Reynolds Construction execs buy construction-services company
Three familiar faces at the Reynolds family of construction-service companies are assuming ownership under a new Harrisburg holding corporation that will unite four of the five separate firms.
Reynolds CEO David Angle, COO Jeff Merritt and CFO Anthony Worrall announced today they are starting Reynolds Enterprises, which will bring together Reynolds Construction Management, Reynolds Consulting Engineers, Reynolds Energy Services and Reynolds Restoration.
Company founder Richard Reynolds, who started the construction management firm in 1994, has no ownership stake in the new company. He will retain R.T. Reynolds, a general construction company.
"This is a natural transition for Reynolds," said Angle, who has been with the company since it was founded.
Last year, Reynolds promoted Angle to CEO and Merritt to COO as part of a succession plan centered around keeping the companies in-house. All three have been involved in the day-to-day operations as part of the leadership team for several years.
Angle had served as COO, president of the general construction division and project executive. Merritt previously held the positions of director of business development and senior vice president. Worrall has served as president of the restoration business since 1999.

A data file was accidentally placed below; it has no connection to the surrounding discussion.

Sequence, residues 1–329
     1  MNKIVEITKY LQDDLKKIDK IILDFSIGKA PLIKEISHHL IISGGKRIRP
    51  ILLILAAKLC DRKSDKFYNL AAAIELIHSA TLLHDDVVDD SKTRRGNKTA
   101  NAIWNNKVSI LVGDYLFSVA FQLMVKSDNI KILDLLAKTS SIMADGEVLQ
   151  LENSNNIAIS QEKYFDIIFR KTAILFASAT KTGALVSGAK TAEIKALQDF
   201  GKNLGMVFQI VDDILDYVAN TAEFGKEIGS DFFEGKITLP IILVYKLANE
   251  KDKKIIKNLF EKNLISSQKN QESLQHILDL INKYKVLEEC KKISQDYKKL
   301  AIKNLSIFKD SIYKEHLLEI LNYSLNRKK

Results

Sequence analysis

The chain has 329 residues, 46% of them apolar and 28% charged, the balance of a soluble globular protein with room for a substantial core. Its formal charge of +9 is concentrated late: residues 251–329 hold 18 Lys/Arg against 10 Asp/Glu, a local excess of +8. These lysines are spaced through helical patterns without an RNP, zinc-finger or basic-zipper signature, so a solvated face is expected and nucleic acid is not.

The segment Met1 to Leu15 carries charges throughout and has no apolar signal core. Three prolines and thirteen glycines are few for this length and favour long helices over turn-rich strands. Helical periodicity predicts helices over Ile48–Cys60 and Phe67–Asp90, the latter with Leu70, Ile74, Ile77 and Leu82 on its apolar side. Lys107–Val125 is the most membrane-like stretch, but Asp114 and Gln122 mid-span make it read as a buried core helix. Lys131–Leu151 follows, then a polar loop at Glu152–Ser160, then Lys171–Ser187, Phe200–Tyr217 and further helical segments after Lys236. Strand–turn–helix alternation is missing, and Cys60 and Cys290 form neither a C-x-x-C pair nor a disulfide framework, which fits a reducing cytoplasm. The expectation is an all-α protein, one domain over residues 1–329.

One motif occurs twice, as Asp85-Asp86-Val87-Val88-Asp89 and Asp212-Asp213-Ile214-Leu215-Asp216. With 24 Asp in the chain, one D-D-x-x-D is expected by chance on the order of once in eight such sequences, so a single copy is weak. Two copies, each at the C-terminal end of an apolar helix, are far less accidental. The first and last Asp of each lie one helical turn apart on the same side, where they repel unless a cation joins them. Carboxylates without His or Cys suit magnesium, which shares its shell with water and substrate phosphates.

Reynolds Enterprises will retain all of its employees, which total 103. There are no plans to downsize or make any personnel changes, the new owners said.
If anything, the plan is to grow. During the last year, the company has added 10 employees. The goal is to grow at a similar pace moving forward, Angle said: "There is still room to grow."
Over the last two years, Reynolds has opened an engineering office in Maryland and expanded its restoration services to a construction management office in King of Prussia.
The holding company will continue to focus on the company's core markets and geographic footprint, while exploring opportunities as the construction industry recovers, officials said.
"It's a branding opportunity," Merritt said.
Each of the companies evolved as a specialized service. Today the pieces fit together so well that it doesn't make sense to keep them separate, the ownership group said. The unification will allow the company to better promote all of its service areas.
"It's unusual not to have (a holding company)," Worrall said of the industry.
The Reynolds companies have managed or are currently involved in more than 200 projects valued in excess of $2.5 billion. As public sector funds have shrunk in recent years, especially on the education side, Reynolds has seen a strong market for energy services.
Working with school districts on energy conservation projects, Worrall said, is helping to ease general fund expenses, which can limit tax increases and bond issues.
Terms of the private sale, which should be completed by Jan. 1, are not being disclosed.
"We are moving into the next generation," Worrall said. "We are here to stay in Harrisburg for the long haul."